Dollar surges; Fed plans reassessed after surprise OPEC+ cut

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By Peter Nurse – The U.S. dollar rose strongly in early European trade Monday as surging oil prices raised inflation concerns, which could prompt the U.S. Federal Reserve to lift interest rates at its next meeting.

At 03:00 ET (07:00 GMT), the , which tracks the greenback against a basket of six other currencies, traded 0.4% higher at 102.560, after earlier breaking past 103 for the first time in a week.

The index had dropped 1.8% in March, pressured by concerns that turmoil in the banking sector would hit economic activity, prompting the to pause its monetary tightening cycle earlier than previously expected.

This view was given a degree of credence after data on Friday showed U.S. rose only moderately in February after surging the prior month, with showing some signs of cooling.

However, the surprise decision of the Organization of Petroleum Exporting Countries and allies, known as OPEC+, on Sunday to cut production once more by just over 1 million barrels per day has sent oil prices soaring, changing the narrative.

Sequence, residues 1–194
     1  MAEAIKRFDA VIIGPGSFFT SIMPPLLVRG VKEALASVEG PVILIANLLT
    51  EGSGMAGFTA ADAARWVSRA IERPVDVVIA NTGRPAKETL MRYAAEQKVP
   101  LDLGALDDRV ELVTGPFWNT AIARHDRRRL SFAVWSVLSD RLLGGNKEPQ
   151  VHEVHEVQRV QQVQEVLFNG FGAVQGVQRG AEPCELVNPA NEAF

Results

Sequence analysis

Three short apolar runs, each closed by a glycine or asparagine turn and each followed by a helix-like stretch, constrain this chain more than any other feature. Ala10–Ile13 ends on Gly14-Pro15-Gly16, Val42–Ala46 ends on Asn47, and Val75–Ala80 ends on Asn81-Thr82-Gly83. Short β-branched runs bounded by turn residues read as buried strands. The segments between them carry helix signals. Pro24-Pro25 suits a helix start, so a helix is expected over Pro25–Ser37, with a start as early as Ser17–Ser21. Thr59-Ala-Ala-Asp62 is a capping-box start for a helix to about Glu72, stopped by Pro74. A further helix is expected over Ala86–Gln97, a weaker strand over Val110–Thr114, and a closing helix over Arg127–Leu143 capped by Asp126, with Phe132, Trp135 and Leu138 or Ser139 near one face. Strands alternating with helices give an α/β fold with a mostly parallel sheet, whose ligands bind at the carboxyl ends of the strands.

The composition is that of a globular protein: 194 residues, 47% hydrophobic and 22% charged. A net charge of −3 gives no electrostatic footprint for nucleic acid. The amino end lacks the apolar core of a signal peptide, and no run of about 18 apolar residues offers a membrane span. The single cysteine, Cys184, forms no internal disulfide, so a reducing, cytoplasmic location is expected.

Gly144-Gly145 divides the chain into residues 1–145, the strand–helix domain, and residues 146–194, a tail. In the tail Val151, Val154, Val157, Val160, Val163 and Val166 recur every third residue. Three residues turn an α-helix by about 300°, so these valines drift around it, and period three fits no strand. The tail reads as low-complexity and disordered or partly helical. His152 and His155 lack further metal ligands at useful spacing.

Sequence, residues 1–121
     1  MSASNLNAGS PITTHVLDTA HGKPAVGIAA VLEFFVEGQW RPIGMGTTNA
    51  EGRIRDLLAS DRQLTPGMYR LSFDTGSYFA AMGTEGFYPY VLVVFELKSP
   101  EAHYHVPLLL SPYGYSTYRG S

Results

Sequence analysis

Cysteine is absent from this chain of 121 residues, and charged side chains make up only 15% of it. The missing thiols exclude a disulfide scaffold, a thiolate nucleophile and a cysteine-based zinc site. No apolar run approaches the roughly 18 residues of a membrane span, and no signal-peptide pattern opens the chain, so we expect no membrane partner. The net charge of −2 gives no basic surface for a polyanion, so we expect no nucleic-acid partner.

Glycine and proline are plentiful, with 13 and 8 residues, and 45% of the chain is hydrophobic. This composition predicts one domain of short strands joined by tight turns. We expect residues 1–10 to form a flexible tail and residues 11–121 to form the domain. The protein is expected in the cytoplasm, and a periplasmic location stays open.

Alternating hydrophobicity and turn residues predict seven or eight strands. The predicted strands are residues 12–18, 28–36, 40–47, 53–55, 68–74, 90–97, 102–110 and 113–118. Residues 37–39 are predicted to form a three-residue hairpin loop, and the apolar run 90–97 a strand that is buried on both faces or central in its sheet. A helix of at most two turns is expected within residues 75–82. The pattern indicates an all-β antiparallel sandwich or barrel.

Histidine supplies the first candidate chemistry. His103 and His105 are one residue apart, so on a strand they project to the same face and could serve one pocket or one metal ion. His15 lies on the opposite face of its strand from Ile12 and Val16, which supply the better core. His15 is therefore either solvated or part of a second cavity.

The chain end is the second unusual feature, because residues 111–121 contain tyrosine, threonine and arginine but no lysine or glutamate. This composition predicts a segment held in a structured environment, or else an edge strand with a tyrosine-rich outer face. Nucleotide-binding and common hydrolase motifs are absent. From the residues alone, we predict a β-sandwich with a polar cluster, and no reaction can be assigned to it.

“Since inflation is likely to remain the biggest driver of the Fed’s monetary policy, the market will be less likely to assume an early shift to lower rates or a faster pace of rate cuts,” said Hidehiro Joke, a strategist at Mizuho Securities.

traded 0.2% lower at 1.0812, after earlier touching a one-week low of 1.0788 as the dollar surged, while fell 0.2% to 1.2306.

Economic data due for release later in the session include manufacturing PMI numbers for both the and the . These are expected to show that this important sector remained in contraction in March. 

rose 0.6% to 133.62 after Japan’s rose to 49.2 in March from February’s 47.7, marking the slowest contraction since November 2022.

However, the yen was weighed by the rise in U.S. bond yields in the wake of the OPEC+ decision, with the two-year U.S. Treasury yield, which typically moves in step with interest rate expectations, up 4.8 basis points at 4.110%. 

rose 0.3% to 6.8884 after data showed growth in China’s manufacturing sector slowed in March, with the coming in at 50, retreating from an eight-month high of 51.6 hit in February. 

This tallies with last week’s government data that showed that growth in China’s manufacturing sector was slowing after an initial post-COVID bounce.

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